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Default The Witcher - Preview @ Shacknews

August 23rd, 2007, 07:20
Shacknews has a Witcher preview from GenCon Indy:
"Most role playing games, if you give more money for one option and less money for another one, people won't think about what is actually right and wrong, they just go for bigger rewards," explained lead designer Michal Madej. "In normal life, if you have to make a decision, you have to think about the consequences of that decision. In a game, you can save the game just before making a choice, and then see what's happening, load your game, and see what will happen with [the] different options. So actually, it's not making a decision, it's more like testing what is best for your character.
"We realized that this saving-loading possibility in role playing games just destroys the idea of making a choice, so we separated your choice and the results of your choice with a quite long time."
More information.
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August 23rd, 2007, 07:20
We realized that this saving-loading possibility in role playing games just destroys the idea of making a choice, so we separated your choice and the results of your choice with a quite long time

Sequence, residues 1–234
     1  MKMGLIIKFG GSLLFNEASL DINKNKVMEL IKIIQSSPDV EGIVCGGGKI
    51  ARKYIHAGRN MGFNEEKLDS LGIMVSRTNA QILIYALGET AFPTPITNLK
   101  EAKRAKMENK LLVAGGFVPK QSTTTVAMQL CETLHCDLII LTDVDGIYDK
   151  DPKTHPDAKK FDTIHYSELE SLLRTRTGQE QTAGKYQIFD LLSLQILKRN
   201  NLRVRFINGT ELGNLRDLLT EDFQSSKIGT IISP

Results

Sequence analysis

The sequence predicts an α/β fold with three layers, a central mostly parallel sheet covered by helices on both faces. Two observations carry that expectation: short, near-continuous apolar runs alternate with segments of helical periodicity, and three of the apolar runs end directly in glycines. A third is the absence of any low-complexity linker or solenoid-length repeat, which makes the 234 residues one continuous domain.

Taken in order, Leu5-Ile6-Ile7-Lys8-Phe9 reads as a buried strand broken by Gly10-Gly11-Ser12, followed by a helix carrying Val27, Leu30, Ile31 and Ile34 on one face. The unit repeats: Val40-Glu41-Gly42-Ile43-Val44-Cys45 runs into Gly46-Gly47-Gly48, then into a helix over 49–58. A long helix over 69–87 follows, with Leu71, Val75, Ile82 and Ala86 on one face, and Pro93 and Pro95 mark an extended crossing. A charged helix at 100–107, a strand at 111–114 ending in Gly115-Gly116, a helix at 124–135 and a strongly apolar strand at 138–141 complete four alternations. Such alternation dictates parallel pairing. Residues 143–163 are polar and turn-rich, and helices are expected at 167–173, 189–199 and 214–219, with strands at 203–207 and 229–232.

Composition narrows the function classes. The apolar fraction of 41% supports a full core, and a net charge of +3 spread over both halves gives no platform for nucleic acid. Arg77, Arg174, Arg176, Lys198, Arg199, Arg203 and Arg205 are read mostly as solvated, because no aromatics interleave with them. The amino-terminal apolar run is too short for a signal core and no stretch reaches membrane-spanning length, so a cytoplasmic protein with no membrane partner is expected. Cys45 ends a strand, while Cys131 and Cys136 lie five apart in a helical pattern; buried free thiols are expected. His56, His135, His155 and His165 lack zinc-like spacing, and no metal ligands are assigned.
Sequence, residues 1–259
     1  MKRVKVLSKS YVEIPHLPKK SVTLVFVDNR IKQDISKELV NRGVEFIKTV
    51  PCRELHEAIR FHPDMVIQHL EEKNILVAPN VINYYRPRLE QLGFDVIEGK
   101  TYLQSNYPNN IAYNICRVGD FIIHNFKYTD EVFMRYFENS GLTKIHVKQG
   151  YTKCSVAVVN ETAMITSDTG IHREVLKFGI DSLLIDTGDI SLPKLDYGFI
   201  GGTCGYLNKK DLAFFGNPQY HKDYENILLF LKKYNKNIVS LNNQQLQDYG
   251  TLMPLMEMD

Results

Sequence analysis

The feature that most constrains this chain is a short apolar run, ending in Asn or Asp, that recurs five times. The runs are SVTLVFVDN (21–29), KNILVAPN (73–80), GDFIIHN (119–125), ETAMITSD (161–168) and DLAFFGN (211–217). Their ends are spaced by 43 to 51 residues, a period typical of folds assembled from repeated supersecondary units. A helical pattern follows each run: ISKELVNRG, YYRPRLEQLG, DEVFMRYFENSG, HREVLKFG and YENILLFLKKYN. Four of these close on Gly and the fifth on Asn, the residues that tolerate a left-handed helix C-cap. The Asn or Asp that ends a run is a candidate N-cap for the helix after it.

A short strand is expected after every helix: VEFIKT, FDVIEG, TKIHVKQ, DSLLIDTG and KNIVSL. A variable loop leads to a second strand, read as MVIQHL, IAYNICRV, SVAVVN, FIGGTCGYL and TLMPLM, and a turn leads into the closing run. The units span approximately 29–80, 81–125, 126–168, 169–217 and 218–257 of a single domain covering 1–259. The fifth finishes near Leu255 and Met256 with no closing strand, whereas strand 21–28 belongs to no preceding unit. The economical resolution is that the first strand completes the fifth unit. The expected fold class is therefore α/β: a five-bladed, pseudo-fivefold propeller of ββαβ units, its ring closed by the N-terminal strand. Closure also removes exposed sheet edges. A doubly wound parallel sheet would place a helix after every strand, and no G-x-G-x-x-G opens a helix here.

Opps, looks like they discovered our secret. I hope that long time that they speak is substantial. I normally ignore Witcher pre game hype, but this one game play element will be a welcome change even though I am a save game abuser . . . . and proud of it
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August 23rd, 2007, 12:51
I really hate that. I don't want to feel like I'm missing out on content. I want to see it all without playing through the entire game four times. Some people like to do that, but I can never get myself to even finish all my games, let alone play through games multiple times. So if I can see multiple endings or some cool consequences by abusing save games, I'm cool with that.
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August 23rd, 2007, 13:43
I'll be more interested if they really get a dynamic with the world working with this game. If decisions make a poltical difference to your experience.

There is a distinct lack of meaningful diversity in games atm.
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August 23rd, 2007, 13:53
I see what you're saying, but at the same time it makes you think more before you act. Truly 'role play'.

— Mike
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August 23rd, 2007, 16:38
Originally Posted by Thaurin View Post
I really hate that. I don't want to feel like I'm missing out on content. I want to see it all without playing through the entire game four times. Some people like to do that, but I can never get myself to even finish all my games, let alone play through games multiple times. So if I can see multiple endings or some cool consequences by abusing save games, I'm cool with that.